|Governor Quinn Signs Legislation to Avoid Public Transportation Service Cuts, Employee Layoffs|
|News Releases - Civic News & Info|
|Written by William Palmisano|
|Monday, 07 June 2010 14:21|
Part of Comprehensive Plan to Aid Riders during Tough Economic Time
CHICAGO – June 5, 2010. Governor Pat Quinn today signed a bill into law to help protect mass transit service riders and transit jobs in the Chicago-area.
The new law enables the Regional Transportation Authority (RTA), which oversees the Chicago Transit Authority (CTA), Metra and Pace, to better manage its cash flow and funding requirements despite revenue fluctuations or payments delays. This new law also continues Governor Quinn’s efforts to stabilize and improve Chicago’s mass transit system.
“Access to affordable and reliable public transportation is imperative for Chicago-area transit riders,” said Governor Quinn. “This new law is part of our comprehensive plan to stabilize public transit by keeping fares flat, services running and employees on the job.”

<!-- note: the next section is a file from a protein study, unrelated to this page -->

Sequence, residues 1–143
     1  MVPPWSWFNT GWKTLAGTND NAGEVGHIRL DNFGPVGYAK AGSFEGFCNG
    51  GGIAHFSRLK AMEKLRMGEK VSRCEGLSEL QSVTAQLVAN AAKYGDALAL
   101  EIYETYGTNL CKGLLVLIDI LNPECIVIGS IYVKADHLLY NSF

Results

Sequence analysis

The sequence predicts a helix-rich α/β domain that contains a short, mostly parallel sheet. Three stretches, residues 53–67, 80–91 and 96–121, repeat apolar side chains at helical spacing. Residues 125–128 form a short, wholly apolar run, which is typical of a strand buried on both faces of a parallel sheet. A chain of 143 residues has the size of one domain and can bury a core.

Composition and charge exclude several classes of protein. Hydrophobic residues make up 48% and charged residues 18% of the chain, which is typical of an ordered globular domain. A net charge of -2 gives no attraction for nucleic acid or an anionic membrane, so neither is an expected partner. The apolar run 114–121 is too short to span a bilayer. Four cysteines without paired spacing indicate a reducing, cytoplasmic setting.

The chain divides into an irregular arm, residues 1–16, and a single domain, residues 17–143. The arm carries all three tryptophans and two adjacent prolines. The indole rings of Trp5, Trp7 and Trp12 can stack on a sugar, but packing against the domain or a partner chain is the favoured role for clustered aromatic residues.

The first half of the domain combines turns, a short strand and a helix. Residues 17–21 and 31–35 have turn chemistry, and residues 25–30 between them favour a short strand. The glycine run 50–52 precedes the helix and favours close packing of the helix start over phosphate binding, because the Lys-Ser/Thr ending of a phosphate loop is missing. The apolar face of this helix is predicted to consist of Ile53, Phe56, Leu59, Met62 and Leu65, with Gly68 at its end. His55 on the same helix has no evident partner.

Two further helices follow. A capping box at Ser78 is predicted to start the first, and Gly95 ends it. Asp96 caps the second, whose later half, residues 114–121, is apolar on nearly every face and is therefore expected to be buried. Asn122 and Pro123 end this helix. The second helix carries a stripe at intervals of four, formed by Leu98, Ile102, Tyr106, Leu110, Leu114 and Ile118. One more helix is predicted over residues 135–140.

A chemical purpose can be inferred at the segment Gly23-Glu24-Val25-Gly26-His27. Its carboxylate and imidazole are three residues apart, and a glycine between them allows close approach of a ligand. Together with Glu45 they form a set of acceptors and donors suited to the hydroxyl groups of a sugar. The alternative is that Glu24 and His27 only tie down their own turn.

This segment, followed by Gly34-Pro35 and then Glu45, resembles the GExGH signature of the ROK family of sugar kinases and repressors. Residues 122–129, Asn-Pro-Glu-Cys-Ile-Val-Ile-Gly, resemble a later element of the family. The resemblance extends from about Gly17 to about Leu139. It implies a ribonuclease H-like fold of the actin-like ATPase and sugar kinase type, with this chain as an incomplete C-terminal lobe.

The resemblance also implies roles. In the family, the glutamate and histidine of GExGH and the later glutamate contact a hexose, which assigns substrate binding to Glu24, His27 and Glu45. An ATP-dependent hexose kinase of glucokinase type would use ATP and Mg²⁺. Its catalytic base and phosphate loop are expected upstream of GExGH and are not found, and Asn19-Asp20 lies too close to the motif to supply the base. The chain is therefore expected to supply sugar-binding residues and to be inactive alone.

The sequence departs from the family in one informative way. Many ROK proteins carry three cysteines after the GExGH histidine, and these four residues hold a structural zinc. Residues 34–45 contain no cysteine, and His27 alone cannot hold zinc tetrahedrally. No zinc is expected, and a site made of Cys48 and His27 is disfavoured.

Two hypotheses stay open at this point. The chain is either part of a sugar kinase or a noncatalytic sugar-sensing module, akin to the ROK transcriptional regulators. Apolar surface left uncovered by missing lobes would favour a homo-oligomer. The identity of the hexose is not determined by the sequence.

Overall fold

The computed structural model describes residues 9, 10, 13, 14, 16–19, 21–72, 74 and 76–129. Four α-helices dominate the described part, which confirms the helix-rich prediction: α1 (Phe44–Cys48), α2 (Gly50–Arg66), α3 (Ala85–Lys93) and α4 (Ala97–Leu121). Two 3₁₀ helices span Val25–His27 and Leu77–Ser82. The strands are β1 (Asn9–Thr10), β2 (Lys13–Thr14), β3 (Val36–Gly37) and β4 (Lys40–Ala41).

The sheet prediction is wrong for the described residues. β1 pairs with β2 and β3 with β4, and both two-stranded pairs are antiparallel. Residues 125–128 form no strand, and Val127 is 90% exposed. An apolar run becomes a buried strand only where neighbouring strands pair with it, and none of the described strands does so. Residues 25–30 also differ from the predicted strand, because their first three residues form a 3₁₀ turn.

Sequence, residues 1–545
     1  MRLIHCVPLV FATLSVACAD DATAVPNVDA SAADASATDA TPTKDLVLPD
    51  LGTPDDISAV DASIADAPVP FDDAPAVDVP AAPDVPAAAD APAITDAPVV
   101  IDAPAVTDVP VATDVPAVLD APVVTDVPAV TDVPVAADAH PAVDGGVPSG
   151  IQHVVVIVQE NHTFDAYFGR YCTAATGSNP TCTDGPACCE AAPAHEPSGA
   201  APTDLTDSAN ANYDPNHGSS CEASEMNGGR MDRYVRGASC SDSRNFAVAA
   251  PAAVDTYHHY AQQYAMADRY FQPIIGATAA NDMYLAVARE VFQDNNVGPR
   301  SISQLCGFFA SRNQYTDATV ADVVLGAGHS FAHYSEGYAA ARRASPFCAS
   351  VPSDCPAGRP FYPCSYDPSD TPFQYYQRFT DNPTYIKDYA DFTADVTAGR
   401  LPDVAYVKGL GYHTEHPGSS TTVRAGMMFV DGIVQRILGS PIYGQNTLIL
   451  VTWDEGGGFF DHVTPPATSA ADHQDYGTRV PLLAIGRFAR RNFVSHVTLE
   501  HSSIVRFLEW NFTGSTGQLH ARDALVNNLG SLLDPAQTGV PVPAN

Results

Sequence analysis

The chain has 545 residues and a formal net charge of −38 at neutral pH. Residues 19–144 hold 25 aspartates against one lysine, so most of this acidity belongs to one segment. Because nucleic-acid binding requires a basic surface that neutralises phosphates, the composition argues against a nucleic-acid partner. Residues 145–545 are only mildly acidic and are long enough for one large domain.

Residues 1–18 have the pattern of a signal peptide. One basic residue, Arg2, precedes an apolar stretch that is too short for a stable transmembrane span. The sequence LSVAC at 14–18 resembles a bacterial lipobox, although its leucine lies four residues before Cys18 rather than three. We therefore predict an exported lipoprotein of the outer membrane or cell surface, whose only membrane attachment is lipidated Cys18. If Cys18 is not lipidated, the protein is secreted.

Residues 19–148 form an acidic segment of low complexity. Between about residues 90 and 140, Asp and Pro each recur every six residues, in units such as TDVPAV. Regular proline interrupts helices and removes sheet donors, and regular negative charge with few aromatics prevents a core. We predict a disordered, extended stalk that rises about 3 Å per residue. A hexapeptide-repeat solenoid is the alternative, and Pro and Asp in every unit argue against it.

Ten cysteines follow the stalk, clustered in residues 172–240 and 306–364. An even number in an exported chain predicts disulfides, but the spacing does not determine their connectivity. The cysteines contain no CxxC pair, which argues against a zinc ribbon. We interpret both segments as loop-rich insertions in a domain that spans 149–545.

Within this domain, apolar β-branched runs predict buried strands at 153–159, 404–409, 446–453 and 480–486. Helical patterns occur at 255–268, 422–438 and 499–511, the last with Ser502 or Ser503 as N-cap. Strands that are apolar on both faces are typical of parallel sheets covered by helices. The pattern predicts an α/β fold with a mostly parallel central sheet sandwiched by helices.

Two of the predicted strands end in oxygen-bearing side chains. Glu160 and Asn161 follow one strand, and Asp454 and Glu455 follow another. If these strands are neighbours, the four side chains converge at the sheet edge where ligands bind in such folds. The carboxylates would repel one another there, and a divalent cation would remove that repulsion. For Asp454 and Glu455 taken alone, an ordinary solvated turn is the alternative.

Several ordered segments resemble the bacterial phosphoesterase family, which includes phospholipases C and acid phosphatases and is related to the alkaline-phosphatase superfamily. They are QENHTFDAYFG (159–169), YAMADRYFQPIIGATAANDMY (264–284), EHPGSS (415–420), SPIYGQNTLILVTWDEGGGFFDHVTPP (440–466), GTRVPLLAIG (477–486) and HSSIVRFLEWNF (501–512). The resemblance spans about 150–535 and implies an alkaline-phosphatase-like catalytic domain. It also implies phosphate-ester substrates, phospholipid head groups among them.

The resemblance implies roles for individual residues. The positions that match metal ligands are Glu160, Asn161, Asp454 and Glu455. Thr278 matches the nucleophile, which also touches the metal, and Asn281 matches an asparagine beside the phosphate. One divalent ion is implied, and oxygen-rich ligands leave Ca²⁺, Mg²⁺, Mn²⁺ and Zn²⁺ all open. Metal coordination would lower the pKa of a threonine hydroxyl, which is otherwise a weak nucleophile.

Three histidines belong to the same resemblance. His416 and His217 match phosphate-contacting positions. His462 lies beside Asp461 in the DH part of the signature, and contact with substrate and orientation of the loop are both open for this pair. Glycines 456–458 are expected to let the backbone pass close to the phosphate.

The new law amends the Regional Transportation Authority Act to allow the RTA to issue, sell, and deliver additional Working Cash Notes that do not exceed $300 million before July 1, 2012. This authorization is in addition to the $100 million authorization currently allowed.
Prior to this new law, delays in funding payments and fluctuations in the receipt of tax revenues were jeopardizing the stability of the RTA system’s finances. As a result, RTA’s ability to provide stable funding to the CTA, Metra and Pace to provide adequate transit service and pay transit workers was severely limited.
Giving the RTA the authority to issue $300 million in additional Working Cash Notes will help the RTA respond to short-term payment needs without increasing spending. The increased authority will allow CTA, Metra and Pace to continue paying their workers, buying fuel, and running buses and trains. The RTA will pay off the notes once taxes or other revenues are collected.
Last November, the Governor announced an agreement that prevented fare increases for the CTA and Pace paratransit services in 2010 and 2011. Together, these actions are keeping rider fares flat, ensuring services are running as scheduled and that transit employees are being paid.
The current Working Cash Note authority of $100 million was established 30 years ago when the system was significantly smaller. In January 2008, the RTA’s authority to issue Working Cash Notes was temporarily increased to $400 million but returned to $100 million when the law expired on July 1, 2009.
Senate Bill 941, sponsored by Sen. Antonio Muñoz (D-Chicago) and Rep. Elaine Nekritz (D-Des Plaines), goes into effect immediately. Together, the CTA, Metra and Pace employ over 15,000 people and operate services for 2 million daily riders.
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